By HiRho Park.
If Methodist missionaries in 1800s were able to build educational institutions in countries where they did not even know the language, why can’t The United Methodist Church build the best online educational system in the twenty-first century?
By Merrilee Wineinger.
Transformation of body, mind, and spirit happens when we take time to care for ourselves and to meditate on God’s will for our lives. When we care for ourselves and live out of our strengths and spiritual gifts, we have the energy and enthusiasm to lead our congregations. In order to lead vital congregations, we need to take care of ourselves first. Then we will have the stamina to walk with individuals and our congregations on their own journeys to health and wholeness.
By Blair Zant.
The essential ingredient to my transformation may be summed up in two words: Christian community. My peers, professors, and staff supervisors served as the Holy Spirit conduits I needed to lift words of life off the page and shape me into a servant leader. You see, Paul was not directing these words at me. Or at you. He was not directing them to a particular individual, but to the entire church. He was directing them to us. In those three years, I realized that renewal of the mind—building scriptural imagination and conforming to the will of the Holy—would require leaning on and leaning into the community of believers.
By Rosanna C. Panizo.
I am originally a Peruvian woman who grew up as a Methodist in Callao, the main port of Peru, where the first Methodist church was established in 1889. I remember spending the summers at Luisa’s house, my Methodist grandmother who used to live a couple of blocks from the beach, the Pacific Ocean. We used to walk to the beach almost every summer day after lunch and stay there to enjoy the sunsets. My other grandmother, Lastenia, was a fervent Roman Catholic, as was 90 percent of the Peruvian population.
By Anna Gillette.
Clergy are among the unhealthiest professionals. As women clergy, we tend not only to our parishioners; we also care for our parents, our spouses, our children, our siblings, and our friends. By the nature of our calling, we are caregivers at work and at home, but we all too often forget to care for ourselves. By God’s grace eight clergywomen in the Greater New Jersey Annual Conference have come together to form a covenant group as part of the Clergywomen’s Health Initiative.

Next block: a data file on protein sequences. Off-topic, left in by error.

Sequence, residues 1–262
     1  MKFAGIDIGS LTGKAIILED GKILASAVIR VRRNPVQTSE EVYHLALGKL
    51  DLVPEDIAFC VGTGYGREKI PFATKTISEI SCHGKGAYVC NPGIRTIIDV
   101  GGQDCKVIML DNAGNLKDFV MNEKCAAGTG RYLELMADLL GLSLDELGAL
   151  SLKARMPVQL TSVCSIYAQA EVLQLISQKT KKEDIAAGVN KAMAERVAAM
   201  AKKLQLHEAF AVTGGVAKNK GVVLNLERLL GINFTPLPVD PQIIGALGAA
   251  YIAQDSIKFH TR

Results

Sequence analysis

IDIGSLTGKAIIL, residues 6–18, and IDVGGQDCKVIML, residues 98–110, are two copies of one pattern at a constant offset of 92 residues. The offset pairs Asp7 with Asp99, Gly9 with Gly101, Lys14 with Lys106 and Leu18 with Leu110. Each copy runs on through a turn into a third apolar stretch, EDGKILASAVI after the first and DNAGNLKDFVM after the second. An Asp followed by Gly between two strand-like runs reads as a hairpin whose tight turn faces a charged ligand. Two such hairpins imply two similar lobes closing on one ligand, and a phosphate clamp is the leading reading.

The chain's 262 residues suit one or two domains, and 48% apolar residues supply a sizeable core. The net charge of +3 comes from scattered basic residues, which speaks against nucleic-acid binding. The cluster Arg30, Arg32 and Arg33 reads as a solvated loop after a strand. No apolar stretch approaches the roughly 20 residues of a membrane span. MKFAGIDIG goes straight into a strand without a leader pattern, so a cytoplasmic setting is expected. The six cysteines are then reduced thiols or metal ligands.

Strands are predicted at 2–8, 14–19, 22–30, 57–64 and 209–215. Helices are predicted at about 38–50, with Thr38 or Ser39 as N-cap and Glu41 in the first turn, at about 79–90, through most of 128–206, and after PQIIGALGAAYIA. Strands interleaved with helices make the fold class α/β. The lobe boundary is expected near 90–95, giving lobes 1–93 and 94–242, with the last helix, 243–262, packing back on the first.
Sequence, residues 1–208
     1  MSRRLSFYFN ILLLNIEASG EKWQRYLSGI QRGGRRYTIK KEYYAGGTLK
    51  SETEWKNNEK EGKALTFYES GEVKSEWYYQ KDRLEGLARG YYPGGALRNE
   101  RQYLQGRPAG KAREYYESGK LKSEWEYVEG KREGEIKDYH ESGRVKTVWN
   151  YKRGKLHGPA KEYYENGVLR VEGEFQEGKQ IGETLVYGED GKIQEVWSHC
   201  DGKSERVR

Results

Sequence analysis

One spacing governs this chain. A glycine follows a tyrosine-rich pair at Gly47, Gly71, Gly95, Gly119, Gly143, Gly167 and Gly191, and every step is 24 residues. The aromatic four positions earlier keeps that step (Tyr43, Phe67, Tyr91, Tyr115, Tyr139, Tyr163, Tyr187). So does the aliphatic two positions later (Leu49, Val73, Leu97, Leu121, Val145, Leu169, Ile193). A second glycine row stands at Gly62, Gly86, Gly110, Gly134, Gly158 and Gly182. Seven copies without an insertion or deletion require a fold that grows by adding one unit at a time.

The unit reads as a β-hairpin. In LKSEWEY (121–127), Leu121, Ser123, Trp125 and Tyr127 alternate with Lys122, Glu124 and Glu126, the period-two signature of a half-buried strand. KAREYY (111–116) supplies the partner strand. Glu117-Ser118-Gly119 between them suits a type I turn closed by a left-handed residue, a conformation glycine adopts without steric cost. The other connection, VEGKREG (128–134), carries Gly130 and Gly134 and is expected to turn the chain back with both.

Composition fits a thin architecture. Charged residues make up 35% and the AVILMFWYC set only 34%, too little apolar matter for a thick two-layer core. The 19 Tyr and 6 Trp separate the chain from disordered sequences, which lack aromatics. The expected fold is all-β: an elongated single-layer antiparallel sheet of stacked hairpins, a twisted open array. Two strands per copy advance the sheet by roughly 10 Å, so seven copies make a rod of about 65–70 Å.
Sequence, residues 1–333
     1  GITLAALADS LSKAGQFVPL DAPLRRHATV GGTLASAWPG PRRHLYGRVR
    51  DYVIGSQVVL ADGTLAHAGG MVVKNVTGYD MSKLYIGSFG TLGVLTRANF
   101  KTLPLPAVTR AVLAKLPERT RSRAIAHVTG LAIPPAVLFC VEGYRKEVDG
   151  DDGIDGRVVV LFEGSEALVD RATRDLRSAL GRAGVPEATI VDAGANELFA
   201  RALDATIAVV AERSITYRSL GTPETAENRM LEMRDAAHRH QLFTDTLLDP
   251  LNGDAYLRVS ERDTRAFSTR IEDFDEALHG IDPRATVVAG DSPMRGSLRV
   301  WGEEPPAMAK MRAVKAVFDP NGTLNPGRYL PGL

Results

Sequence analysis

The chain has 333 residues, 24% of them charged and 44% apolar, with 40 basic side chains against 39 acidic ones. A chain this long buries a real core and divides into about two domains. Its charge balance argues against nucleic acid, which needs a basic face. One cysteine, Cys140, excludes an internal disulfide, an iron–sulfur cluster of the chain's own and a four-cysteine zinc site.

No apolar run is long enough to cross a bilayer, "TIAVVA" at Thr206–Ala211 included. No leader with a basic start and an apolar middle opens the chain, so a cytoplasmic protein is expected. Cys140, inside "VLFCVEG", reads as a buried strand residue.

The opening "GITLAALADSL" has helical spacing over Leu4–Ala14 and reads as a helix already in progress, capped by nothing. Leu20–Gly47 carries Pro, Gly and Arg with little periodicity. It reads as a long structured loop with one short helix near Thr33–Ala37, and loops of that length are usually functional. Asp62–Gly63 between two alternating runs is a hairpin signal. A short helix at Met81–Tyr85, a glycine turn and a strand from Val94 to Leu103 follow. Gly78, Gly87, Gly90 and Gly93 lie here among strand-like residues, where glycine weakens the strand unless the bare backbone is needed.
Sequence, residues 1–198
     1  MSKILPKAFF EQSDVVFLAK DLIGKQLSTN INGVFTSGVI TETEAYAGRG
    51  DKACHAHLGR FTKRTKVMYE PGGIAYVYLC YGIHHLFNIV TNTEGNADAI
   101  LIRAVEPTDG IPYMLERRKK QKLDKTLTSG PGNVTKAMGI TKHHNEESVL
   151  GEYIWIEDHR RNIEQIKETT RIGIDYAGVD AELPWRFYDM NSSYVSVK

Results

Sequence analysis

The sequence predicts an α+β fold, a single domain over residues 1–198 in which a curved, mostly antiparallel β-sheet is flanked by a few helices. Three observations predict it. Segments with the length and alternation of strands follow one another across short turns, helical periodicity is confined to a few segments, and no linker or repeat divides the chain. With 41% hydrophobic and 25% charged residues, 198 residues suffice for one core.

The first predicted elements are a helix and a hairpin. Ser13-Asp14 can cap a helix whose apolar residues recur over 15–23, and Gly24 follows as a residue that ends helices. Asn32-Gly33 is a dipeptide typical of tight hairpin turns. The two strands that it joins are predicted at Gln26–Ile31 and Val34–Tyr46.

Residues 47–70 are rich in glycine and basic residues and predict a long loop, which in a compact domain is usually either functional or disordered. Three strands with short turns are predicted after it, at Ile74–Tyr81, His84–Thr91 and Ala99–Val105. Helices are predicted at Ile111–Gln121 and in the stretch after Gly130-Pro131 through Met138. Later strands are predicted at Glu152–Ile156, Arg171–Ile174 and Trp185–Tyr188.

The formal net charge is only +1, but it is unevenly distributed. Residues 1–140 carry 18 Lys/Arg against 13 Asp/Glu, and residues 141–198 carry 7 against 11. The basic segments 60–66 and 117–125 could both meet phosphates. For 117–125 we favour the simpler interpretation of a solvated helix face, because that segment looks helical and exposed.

By Mao Vang Her.
The thought of being an agent of change can be a scary one, especially for a Hmong woman. But I am convinced that I have a message that can transform the lives of others. So to be a clergywoman, I have to overcome my fears and inadequacies not only as a woman but also as a Hmong woman.
By Patricia Bonilla.
When I first started attending a United Methodist church in the near south side of Chicago, after finishing my Bachelor’s degree in a small private liberal arts college, I was very idealistic. I wanted to transform my neighborhood, and the world for that matter, by being involved in social justice work. I wanted to make changes that would better the quality of life of people in my neighborhood and create opportunities for empowerment and inclusion.
By Candace Lewis.
Clergywomen are starting and leading new vital congregations. They make up almost fifteen percent (15%) of the 684 church planters serving United Methodist new congregations started between 2008 and 2012. We anticipate seeing an increase in the number of clergywomen starting new churches; more women are learning about the opportunity, being assessed, and receiving specialized training in church planting.
By Lallene J. Rector.
“The theology of clergywomen in vital leadership”: this was the phrase used in describing the focus for this theological reflection. Note that this does not explicitly suggest attention to “clergywomen leading vital congregations,” the specific theme of this issue. I do not know if a deliberate distinction was intended, but I think the difference is an important one. While we recognize that United Methodist work dedicated to developing and supporting vital congregations relies heavily on external and quantitative measures to assess vitality, we also believe at least some of these measures directly pertain to the nature of leadership. I am confident that vital leadership results in vital congregations—whatever the numbers! So, how do we think theologically about clergywomen in vital leadership?
By Jacqueline Rose-Tucker.
In June 1989, I was appointed to the Calvary United Methodist Church. It was one of the first inner city churches to transition from a white congregation to a Black congregation as the city of Atlanta felt the impact of the “white flight” phenomenon. In a sanctuary that seated more than six hundred, less than thirty people attended on Sunday mornings. When I arrived, the fellowship hall floor bore the evidence of a backed up septic system, the roof leaked, there was no air conditioning, the electrical wiring system was faulty, the gas was off, the power company was threatening disconnection, and the insurance had been cancelled.